How to work from home faster?

Time is money

When I tell somebody that I am a freelance translator working at home, they usually react by saying something like this: “Wow! You must be a really strong-willed person! If I were you I would never be able to get down to work at home”. Well, certainly I am (oh how modest of me to admit it ;)), but I suppose this is one another must-have trait for any freelancer (not only translators/interpreters). However, sometimes even the most motivated person in the world is tired/bored/distracted/nervous, which is reflected in lower efficiency and speed of work. Taking into account deadlines, the good old saying that “time is money” (which is particularly true in translation business) and shrinking time for private life, it is certainly a negative phenomenon. But how to avoid it and always work fast and efficient? Let me describe some software tools which might help you achieve that.

  1. Pomodoro technique

The Pomodoro Technique is a time management method invented by Francesco Cirillo in 1980s. In this technique you work for a 25-minute interval after which you take a short break (usually 5 minutes). Then you start the next 25-minute time interval followed by another short break. After 3 such sets consisting of 25- minute long work periods and 5-minute break, you take a longer 15-30 minute break. Obviously, all you need to have to use this technique is a clock, but it is much easier and motivating when you use a special Pomodoro timer. You have several options to choose from:

mobile application: my first timer was Pomodroido available for Android. Apart from some basic settings such as interval length configuration it features a levelling system which adds some thrill to this technique as you want to achieve new levels of expertise (well, at least it works for me – a passionate gamer). However, using it for a whole day will certainly deplete your cell phone battery, which is not particularly environmentally friendly.

online timers: One of them is Tomato Timer. It’s really simple to use, enables keyboard shortcuts and pausing the Pomodoro without resetting it altogether (it is useful when you have to take a break for instance to answer the phone). Adjusting the lenght of intervals is currently unavailable, but still it’s worth checking out.

desktop programmes: Their main advantage is that they work even if you don’t have access to the Internet. Currently, I use Focus Booster in which you can adjust the lenght of intervals/breaks, decide whether sessions should start automatically and turn off/on ticking sound during session/breaks. The completed sessions are counted, so at the end of the day you can see how many minutes you actually worked hard 😀 The main disadvantage of this programme is the fact that you can’t pause the Pomodoro without resetting it.

Although it may not really sound like an innovative technique, using it does really make a difference. If you stick to it for a whole 8-hour work day, you shouldn’t have problems with translating 4000 words or even more a day. However, you will probably feel completely exhausted!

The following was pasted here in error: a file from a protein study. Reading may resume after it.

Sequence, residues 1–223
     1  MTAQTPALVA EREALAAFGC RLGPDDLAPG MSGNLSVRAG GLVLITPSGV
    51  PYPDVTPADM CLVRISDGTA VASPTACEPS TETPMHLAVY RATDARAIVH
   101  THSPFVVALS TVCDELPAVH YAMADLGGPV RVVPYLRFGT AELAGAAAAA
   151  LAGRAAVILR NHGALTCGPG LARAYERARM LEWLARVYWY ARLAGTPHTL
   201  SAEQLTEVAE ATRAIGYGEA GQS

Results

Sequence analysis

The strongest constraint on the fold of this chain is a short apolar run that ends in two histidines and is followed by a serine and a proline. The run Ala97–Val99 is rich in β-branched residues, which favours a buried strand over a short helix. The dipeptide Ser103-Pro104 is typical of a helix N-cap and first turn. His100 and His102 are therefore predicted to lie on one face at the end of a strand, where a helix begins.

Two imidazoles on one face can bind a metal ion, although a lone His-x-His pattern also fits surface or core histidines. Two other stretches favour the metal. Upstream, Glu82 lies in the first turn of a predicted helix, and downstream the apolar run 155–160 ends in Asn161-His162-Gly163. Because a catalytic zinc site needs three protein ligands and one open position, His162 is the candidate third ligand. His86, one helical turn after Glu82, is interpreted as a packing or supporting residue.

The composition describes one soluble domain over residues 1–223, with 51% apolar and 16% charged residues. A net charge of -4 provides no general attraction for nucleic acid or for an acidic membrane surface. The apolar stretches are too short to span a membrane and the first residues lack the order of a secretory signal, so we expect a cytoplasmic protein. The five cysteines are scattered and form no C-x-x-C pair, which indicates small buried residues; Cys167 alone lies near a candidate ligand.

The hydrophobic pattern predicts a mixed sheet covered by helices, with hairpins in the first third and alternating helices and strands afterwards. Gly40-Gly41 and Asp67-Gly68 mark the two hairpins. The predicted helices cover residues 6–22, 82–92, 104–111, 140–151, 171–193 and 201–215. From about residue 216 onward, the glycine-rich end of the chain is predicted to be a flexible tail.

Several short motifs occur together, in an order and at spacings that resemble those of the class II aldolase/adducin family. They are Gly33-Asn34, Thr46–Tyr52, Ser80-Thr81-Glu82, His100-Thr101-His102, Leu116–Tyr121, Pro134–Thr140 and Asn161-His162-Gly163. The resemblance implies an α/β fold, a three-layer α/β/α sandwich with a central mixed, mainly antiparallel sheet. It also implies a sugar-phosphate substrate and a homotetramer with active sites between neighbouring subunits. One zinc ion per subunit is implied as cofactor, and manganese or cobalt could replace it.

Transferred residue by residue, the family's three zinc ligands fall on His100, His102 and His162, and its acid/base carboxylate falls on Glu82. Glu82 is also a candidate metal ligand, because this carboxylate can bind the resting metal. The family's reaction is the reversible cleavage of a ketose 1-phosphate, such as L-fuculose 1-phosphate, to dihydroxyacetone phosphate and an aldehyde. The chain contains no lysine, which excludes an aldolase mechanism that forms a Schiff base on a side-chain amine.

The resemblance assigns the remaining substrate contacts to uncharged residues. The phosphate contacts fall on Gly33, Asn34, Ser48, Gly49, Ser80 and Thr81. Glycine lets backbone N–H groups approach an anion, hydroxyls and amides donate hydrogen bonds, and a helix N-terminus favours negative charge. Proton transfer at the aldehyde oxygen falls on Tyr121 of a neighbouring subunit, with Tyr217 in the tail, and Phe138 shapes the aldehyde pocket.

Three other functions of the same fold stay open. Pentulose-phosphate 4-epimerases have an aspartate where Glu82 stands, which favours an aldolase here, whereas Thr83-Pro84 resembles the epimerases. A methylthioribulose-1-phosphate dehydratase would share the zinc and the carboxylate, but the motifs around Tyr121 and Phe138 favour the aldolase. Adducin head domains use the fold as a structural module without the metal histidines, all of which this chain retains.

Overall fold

2. Keeping away from distracting websites

If you check out what’s new on Facebook, your favourite blogs and other websites every ten minutes, which obviously reduces the time spent on work, you may want to try bookmarking them using KeepMeOut website. If you visit the bookmarked website more often than the configured frequency, you will get a warning. If you prefer add-ons to browsers, it is worth using Stay Focusd (Chrome), WasteNoTime (Chrome and Safari), LeechBlock (Firefox). WasteNoTime creates reports on what web sites you spent most of your time. When you know what distracts you, you may prevent it more effectively :). There are also several applications which you may find useful in fighting e.g. Facebook addiction (although many of us use Facebook to market our services and for networking so I am not quite sure whether it’s a good idea to block it altogether). However, if you have problem with staying away from it you may use iFreeFace (PC, freeware). If you use Internet Explorer, you may want to check out FocalFilter (compatible with IE, Chrome, Firefox and Safari). Focus Me application (single user licence costs $18) allows for blocking not only websites but also computer programmes (useful if you are addicted to Solitaire :)). If you prefer freeware applications, try Cold Turkey which blocks sites and programmes computer-wide and is resistant to computer reboots. For Mac users I suggest checking out SelfControl app.

That’s only a short list of available programmes and their features but it’s worth knowing that there are tools that help freelancers squeeze the most out of their work time. Check out these techniques and let me know if you find them useful! Maybe you know some other techniques for preventing distractions during work? Feel free to comment here or on Facebook/Twitter. Oh, and please do not block Translite! 🙂

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